Meanwhile, Caroline meets the personable Roger Carlton and begins to see a glimmer of happiness that brightens her existence as Lady Bate's gofer and dogsbody. But her aunt manages to ruin that as well--monopolizing Roger and, finally, deciding that he could be the son she never had--down to deciding she should change her will in his favor. Then--as in many a detective novel--Lady Bate dies before she can sign the new will. The police immediately fasten on the not-quite-disinherited niece as the obvious suspect. Enter Arthur Crook.
He'd prided himself that he understood the murderer's mind, now he knew that it is only when he is, in fact, out of his mind that a man is prepared to slay.
Since he takes up Caroline's case, obviously someone else must be guilty and he sets about finding out who and why. Could it be that Uncle Joseph finally decided to indulge in a real-life version of his favorite hobby--murder mysteries? Or was it Miss Twiss--she had been caught with Lady Bate's missing diamond ring. Had she stepped deeper into crime? And what about the hold Lady Bate seemed to have over Rose Anstruther...was that worth murdering for? And did Rose do the deed or did the devoted Jock decide to get rid of the problem. Crook will (quite literally) risk his life to keep his perfect record of innocent clients....
Overall, this is another fine outing by Gilbert--not quite the surprise ending that I've experienced in other books, but the story-telling is excellent, the characters are quite distinct and fully fleshed out, and the detective work of Crook is definitely up to standard. My one complaint with Gilbert's books is that she brings Crook in quite late in the game and sometimes this just doesn't work well (The Innocent Bottle is an example), but, here, the chapters introducing the characters and setting the back ground are quite necessary and very interesting so his absence isn't as keenly felt. Very entertaining. ★★★ and a half.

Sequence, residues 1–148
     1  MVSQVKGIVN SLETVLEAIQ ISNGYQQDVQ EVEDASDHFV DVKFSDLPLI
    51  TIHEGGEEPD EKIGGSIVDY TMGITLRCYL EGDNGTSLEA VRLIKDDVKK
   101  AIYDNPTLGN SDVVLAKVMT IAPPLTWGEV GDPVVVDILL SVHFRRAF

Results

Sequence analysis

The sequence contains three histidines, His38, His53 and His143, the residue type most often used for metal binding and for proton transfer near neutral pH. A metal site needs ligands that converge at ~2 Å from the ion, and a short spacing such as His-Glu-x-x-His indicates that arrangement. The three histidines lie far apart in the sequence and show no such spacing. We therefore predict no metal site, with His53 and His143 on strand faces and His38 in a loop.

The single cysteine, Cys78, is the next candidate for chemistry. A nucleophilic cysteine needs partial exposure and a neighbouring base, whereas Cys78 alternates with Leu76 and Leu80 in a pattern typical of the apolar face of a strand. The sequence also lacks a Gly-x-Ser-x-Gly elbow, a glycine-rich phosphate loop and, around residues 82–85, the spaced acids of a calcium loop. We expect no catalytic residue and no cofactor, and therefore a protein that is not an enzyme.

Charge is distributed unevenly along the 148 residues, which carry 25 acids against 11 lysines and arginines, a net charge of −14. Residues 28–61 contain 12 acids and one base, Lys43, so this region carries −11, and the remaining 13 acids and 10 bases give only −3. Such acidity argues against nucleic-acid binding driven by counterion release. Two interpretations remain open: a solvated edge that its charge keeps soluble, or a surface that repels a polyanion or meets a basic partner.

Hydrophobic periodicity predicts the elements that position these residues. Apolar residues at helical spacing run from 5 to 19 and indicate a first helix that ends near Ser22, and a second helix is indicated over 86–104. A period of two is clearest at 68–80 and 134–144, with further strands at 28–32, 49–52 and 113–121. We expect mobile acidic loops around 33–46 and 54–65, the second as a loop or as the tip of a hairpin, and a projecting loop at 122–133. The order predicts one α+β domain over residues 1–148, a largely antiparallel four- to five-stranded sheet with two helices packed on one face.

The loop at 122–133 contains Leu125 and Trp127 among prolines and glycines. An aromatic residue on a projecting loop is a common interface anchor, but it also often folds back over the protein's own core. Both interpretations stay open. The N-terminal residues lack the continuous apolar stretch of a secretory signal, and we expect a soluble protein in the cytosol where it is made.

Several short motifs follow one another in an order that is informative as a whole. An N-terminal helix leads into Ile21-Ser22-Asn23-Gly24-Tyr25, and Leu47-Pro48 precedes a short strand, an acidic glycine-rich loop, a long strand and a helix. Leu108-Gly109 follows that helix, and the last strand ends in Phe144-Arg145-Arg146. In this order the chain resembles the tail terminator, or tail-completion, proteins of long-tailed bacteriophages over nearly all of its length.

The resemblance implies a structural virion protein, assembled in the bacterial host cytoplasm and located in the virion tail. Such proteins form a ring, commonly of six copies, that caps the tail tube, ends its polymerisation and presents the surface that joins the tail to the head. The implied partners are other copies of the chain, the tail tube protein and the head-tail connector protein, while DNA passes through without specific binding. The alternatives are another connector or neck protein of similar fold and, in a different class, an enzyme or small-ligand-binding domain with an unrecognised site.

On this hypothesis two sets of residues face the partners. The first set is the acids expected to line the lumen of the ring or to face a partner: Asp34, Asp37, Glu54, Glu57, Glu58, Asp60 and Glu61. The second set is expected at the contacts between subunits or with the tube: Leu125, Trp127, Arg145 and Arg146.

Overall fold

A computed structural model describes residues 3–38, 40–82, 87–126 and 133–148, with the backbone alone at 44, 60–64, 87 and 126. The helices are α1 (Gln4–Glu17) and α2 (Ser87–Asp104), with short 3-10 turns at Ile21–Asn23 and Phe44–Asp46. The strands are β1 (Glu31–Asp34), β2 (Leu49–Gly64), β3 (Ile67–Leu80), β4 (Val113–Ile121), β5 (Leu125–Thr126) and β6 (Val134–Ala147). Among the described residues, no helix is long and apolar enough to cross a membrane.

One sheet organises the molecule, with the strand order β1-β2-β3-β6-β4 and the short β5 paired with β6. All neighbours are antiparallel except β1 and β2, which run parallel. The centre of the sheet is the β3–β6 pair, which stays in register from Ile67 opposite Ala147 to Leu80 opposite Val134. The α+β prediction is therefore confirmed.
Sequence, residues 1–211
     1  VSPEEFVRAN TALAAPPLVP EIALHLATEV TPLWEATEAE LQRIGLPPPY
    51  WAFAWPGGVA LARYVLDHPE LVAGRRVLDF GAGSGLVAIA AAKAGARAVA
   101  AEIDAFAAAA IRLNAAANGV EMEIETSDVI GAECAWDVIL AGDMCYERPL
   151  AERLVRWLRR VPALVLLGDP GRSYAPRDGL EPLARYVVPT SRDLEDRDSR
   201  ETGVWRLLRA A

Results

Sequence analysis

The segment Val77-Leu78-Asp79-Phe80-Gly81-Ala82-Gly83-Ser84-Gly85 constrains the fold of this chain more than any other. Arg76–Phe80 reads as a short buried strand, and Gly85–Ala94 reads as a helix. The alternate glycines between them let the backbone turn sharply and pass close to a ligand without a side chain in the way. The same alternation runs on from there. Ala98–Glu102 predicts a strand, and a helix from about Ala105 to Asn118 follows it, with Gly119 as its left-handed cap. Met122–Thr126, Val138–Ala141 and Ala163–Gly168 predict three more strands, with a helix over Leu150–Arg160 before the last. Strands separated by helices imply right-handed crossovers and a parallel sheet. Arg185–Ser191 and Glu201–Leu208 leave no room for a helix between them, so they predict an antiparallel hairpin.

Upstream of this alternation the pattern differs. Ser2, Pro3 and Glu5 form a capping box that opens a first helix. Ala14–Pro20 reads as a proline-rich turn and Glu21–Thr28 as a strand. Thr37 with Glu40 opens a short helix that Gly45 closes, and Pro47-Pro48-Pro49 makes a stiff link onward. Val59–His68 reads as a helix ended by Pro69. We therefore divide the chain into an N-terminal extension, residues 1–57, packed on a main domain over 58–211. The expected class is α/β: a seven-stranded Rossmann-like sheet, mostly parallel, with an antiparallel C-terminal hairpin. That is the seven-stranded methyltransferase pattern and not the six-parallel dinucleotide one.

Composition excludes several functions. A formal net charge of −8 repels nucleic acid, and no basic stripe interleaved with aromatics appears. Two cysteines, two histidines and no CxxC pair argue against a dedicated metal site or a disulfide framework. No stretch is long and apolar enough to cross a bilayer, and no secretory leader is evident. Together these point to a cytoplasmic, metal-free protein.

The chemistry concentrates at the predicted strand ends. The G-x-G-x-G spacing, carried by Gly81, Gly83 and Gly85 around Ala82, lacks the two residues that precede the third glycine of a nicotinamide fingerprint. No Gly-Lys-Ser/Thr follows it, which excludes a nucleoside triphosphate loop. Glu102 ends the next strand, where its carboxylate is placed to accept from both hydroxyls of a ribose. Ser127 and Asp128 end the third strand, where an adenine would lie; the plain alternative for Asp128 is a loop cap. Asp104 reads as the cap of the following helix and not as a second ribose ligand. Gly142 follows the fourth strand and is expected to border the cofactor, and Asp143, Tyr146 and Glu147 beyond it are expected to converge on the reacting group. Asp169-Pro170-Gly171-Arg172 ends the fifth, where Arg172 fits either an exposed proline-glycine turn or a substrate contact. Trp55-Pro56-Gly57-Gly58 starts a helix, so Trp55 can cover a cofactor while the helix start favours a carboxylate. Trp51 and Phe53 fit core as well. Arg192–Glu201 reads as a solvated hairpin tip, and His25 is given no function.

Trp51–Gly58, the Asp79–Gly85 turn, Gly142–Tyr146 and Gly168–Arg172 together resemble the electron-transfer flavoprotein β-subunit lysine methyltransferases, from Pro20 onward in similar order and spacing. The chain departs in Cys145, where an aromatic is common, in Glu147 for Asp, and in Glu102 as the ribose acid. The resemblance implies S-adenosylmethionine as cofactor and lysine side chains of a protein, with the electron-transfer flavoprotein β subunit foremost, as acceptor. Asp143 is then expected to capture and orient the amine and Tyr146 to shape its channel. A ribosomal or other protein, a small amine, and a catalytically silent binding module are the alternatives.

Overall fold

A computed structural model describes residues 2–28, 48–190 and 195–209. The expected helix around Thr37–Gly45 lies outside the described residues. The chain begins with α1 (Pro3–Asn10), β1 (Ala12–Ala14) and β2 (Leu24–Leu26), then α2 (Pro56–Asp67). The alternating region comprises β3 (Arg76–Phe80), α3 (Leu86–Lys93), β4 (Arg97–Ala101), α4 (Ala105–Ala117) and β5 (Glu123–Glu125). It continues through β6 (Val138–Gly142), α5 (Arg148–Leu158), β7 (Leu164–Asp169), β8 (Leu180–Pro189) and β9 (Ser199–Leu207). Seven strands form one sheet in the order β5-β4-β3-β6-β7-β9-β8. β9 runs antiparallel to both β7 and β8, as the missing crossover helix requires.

Beyond the Ice Limit (2016) by Douglas Preston and Lincoln Child is the creepiest book that I have R.I.P. XI Event, so it's fitting that it will be thBeyond the Ice Limit (2016) by Douglas Preston and Lincoln Child is the creepiest book that I have R.I.P. XI Event, so it's fitting that it will be the last book logged for that reading event. The book is the unexpected sequel to Preston & Child's Ice Limit and it takes place five years after the tragic ending of that adventure. In the first story, Eli Glinn, the head of Effective Engineering Solutions, took a team to a remote island off the coast of South America to recover a gigantic meteorite--the largest that had ever been. He was in the employ of New York billionaire Palmer Lloyd who wanted to add the space rock to his collection of unique items.The mission ended in disaster when their ship, the Rolvaag, was attached by a rogue Chilean ship and went down in a vicious storm in the freezing waters and taking its unique cargo to the ocean floor. One hundred and eight crew members perished, and Eli Glinn was left paralyzed. read for Carl's